Embodying the Yoga Sūtra – new review

Ranju Roy and his recently published book Embodying the Yoga Sūtra.

We are so enthusiastic about Ranju Roy and David Charlton’s new book that we’re posting another review of it, this one by TSYP member Helena del Pino

There are relatively few English language publications covering the teachings of our tradition apart from the iconic text by TKV Desikachar himself, The Heart of Yoga. American texts tend to emphasise what to practise and mostly do not capture the depth of the teachings we have inherited in the UK. In a relatively barren land, then, long-term ‘viniyoga’ practitioners Ranju Roy and David Charlton have brought a significant work to publication. They have achieved something remarkable in offering us a readable and well referenced text which is reliable in its information and analysis while also being relevant to readers at varying stages on their Yoga journey. 

The title of the book is a bold statement of principle that stakes out our ground. We neither practise nor teach eclectic Yoga but we seek to learn to embody the freedom teachings of Patanjali. This is a simple but radical truth within our tradition although the Yoga Sutra remains a largely unknown text within the wider yoga community. The authors then go on to show us how all we do is rooted in a systematic practical philosophy.

There are two crucial and incredibly helpful aspects of this work which voice clearly the fundamental approach to yoga that we share. First is the explanation of why we do not offer a style of yoga but an approach to personal discipline which effects a transformation of suffering in the direction of kaivalya – freedom (nicely translated by the authors using words such as disentanglement and lack of enmeshment). The second aspect is a long-awaited printed explanation of the approach to practice planning we all work to so as to ensure appropriate and skilful adaptation for the student. There are lucid explanations of the essential matters of stages of life, aims of practice, types of practice, life purposes, preparation, SKLIBS, counterpose etc. Correct Sanskrit terminology is used, and the authors have succeeded in the difficult task of holding together the depth of the Sanskrit meanings with comprehensible English explanation.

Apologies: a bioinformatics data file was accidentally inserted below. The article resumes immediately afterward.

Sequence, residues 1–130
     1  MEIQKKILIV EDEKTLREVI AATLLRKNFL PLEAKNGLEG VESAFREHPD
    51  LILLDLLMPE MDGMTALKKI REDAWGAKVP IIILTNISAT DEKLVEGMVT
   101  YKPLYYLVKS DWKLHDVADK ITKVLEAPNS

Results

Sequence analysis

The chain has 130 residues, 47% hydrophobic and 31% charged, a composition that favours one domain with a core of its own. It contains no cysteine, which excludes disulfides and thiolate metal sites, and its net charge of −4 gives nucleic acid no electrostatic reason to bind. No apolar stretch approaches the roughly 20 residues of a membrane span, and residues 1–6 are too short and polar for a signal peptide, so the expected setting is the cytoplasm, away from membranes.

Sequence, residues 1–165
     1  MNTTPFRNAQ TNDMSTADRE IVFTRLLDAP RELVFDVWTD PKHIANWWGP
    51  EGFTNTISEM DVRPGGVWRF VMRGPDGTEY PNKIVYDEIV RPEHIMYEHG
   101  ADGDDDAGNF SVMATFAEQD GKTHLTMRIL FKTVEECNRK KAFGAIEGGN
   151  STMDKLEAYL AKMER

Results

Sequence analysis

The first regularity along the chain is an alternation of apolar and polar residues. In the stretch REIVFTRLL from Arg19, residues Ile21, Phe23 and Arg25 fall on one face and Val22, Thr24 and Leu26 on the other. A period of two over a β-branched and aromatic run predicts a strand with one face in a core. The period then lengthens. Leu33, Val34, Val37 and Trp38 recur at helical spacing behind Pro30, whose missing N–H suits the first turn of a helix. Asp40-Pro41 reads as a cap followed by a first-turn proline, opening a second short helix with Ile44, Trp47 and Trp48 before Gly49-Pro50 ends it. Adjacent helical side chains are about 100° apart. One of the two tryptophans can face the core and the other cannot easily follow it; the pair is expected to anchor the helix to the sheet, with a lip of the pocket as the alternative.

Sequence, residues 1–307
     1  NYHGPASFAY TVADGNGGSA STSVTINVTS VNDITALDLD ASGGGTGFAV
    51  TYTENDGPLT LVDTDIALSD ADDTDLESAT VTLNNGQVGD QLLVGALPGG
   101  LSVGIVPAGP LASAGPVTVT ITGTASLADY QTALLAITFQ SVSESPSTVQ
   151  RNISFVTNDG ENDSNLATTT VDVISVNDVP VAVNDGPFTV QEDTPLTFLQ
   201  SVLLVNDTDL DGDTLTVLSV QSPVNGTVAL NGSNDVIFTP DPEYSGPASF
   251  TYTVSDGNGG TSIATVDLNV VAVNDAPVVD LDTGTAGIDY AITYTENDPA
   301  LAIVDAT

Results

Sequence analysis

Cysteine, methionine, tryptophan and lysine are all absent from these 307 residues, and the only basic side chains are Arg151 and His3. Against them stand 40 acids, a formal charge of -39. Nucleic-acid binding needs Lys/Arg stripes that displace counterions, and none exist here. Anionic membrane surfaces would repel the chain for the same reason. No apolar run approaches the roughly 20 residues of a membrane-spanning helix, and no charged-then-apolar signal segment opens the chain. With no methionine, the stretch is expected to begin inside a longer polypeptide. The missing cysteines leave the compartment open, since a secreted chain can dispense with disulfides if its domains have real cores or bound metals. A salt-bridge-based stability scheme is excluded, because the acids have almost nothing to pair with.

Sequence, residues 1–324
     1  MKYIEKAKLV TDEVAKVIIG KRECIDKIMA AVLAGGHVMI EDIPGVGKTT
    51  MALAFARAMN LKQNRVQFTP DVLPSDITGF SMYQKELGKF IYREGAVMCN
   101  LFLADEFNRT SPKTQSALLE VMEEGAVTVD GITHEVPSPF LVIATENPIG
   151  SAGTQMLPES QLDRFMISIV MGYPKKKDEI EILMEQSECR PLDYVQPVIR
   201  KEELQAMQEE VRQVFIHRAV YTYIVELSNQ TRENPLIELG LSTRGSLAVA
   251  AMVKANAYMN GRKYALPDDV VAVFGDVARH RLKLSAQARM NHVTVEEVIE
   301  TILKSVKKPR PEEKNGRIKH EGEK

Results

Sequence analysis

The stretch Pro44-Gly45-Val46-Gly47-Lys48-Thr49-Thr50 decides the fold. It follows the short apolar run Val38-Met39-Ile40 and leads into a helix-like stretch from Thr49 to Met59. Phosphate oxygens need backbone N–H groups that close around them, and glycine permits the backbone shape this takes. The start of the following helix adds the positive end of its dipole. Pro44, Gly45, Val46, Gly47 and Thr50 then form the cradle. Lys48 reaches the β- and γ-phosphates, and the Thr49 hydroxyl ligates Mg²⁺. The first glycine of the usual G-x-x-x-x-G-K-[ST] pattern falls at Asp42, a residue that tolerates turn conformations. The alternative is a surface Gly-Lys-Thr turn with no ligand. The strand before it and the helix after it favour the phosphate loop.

This could have been a dense book, but it has a spaciousness and lightness that means it can be read from cover to cover as one continuous text. However, its structure and clever typesetting lend it to being dipped into for opportunistic insight or a specific section being selected for inspiration.

A significant aspect of the text that will be new to many members of TSYP is the way in which the authors’ understanding of yoga in the Krishnamacharya tradition through TKV Desikachar has been developed by the now deceased Danish Teacher, Peter Hersnack, who was a long-term student of Desikachar. His understanding of the practical interaction of three concepts – support, direction and space – is brought in to reveal an intelligent development of bhavana within our practice and our life.  

Our yoga tradition is held within the tension of the parampara, which helps to keep the teachings authentic and reliable, and the innate dynamic application (and therefore development) of the teachings to changing times. In this highly recommended publication Ranju and Dave show us what a creative place this is to inhabit. This is a book we all should have at the front of our yoga bookshelf.

Embodying the Yoga Sutra, by Ranju Roy and David Charlton, is published by Pinter and Martin. Price £20 (excluding P&P £3.50). If you are in the UK you can order it from: embodyingtheyogasutra.com

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